Chapter

Powers of appointment and discretionary trusts

Robert Pearce and Warren Barr

in Pearce & Stevens' Trusts and Equitable Obligations

Sixth edition

Published on behalf of © Robert Pearce, John Stevens, and Warren Barr 2015

Published in print December 2014 | ISBN: 9780199644452
Published online June 2015 | e-ISBN: 9780191784576 | DOI: https://dx.doi.org/10.1093/he/9780199644452.003.0016
Powers of appointment and discretionary trusts

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Powers of appointment are one of the key distributive mechanisms offered by equity, and enable a person who is not the owner of property to identify who will benefit from it. A discretionary trust is an equitable mechanism that facilitates the management and allocation of property. However, unlike a power of appointment, a trustee must make a distribution to the identified class, and the court will step in to compel the exercise of a discretionary trust. This chapter discusses both concepts. It includes the nature of powers of appointment; the validity of powers of appointment; the exercise of powers of appointment; duties of the donee of a mere power of appointment; failure to exercise the power; fiduciary powers; and the release of powers; the essential validity of discretionary trusts; the rights of beneficiaries of discretionary trusts; and the duties of trustees of discretionary trusts.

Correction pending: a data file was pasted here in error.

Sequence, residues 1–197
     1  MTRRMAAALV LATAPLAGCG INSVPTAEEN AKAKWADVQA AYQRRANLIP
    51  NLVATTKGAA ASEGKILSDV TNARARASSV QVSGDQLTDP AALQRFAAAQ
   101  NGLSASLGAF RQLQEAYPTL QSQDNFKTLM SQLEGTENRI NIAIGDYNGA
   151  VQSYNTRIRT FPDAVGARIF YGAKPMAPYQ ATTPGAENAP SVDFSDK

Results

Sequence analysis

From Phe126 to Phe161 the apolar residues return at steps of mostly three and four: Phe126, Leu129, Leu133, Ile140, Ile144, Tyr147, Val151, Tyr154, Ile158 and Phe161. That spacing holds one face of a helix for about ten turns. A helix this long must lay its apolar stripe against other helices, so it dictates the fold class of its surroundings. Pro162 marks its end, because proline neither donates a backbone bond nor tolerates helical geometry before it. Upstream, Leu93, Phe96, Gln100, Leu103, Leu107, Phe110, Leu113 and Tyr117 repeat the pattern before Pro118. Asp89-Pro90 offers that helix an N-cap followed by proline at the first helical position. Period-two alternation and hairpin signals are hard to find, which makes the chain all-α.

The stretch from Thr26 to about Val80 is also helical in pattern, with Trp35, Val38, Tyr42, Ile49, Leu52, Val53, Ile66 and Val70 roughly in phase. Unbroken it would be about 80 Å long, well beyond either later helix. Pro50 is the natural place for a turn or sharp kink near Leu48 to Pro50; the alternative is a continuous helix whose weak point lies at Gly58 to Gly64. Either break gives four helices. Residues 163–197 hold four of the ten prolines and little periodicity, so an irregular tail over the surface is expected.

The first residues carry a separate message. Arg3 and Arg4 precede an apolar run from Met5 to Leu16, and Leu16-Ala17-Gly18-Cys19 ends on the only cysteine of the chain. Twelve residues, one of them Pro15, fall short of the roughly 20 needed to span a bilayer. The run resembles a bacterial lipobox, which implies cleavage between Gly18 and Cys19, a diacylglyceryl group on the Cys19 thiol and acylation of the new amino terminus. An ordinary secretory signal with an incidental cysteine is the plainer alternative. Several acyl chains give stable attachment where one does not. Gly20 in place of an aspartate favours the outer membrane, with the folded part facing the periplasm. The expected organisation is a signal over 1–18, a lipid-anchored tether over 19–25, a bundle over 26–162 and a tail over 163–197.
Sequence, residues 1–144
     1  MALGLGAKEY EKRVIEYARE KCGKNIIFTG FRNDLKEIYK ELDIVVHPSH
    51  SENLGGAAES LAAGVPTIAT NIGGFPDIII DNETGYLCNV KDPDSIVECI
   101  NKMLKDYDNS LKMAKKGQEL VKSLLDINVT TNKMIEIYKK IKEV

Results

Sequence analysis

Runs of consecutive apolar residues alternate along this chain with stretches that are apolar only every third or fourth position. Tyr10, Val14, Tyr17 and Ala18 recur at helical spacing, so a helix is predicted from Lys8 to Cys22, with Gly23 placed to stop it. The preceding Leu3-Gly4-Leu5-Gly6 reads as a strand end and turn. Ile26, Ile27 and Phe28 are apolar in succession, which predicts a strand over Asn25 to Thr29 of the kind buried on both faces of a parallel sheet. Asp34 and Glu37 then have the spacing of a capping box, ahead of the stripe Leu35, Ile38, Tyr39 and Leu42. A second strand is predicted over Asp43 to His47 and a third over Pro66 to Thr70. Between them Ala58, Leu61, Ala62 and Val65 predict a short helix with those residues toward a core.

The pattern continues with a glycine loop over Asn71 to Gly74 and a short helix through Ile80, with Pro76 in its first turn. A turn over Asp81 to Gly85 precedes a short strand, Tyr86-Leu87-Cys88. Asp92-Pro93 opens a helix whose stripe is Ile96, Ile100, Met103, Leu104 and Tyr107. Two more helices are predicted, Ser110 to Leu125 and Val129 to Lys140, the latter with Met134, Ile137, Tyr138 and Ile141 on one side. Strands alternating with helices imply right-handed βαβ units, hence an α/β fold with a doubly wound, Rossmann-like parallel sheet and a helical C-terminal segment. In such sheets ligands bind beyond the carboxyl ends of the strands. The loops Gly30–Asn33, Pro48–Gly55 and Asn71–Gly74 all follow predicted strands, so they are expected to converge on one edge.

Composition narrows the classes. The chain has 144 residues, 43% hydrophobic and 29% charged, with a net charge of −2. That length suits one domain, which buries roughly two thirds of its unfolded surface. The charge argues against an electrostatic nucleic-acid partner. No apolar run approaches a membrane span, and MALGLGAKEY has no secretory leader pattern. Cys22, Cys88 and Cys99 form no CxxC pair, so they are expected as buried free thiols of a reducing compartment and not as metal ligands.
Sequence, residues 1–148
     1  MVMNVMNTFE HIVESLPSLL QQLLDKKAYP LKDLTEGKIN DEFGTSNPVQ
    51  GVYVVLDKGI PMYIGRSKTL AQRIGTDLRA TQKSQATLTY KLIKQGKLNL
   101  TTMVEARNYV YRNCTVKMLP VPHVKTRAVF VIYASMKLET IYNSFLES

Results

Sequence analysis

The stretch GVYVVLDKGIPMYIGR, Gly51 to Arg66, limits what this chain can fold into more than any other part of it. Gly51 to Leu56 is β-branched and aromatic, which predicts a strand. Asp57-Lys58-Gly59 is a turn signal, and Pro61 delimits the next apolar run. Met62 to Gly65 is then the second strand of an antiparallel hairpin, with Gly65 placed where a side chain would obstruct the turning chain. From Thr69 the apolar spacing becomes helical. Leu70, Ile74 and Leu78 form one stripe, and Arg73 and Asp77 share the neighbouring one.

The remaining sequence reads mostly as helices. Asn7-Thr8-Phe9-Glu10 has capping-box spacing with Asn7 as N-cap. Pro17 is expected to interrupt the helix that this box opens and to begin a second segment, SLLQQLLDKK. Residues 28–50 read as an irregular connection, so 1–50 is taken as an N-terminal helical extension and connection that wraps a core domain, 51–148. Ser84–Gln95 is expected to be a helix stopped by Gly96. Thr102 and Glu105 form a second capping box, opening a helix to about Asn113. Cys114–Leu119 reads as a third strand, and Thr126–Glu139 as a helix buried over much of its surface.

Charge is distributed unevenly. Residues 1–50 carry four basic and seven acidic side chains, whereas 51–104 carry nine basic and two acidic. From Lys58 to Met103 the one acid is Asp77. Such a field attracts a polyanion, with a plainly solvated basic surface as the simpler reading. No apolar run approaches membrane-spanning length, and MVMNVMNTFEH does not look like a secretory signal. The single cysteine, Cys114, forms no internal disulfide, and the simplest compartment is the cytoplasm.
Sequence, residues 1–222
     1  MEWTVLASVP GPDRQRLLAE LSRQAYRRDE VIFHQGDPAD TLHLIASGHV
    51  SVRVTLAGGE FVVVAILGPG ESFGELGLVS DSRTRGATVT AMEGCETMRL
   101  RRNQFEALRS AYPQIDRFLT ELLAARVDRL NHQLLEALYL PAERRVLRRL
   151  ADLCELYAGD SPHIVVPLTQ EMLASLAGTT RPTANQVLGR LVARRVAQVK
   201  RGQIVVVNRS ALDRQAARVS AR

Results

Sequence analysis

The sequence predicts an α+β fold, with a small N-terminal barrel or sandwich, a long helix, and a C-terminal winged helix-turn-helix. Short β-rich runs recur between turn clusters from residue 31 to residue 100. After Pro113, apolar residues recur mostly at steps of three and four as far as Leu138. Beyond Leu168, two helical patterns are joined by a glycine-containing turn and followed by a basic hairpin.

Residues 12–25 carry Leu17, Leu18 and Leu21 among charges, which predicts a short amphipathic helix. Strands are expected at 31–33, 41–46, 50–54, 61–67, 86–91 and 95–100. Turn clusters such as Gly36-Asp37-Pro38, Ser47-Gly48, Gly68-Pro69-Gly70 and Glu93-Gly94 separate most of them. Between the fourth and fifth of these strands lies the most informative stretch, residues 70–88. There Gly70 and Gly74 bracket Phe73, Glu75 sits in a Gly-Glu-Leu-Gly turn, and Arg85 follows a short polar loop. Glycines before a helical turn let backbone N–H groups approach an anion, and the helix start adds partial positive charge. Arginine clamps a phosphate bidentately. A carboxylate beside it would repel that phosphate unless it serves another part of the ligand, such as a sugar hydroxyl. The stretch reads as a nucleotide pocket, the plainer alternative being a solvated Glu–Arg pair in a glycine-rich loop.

Keywords: equity; powers of appointment; trustees; donee; fiduciary powers; discretionary trust; equitable mechanism; property allocation

Chapter.  21911 words.  Illustrated.

Subjects: Trusts Law

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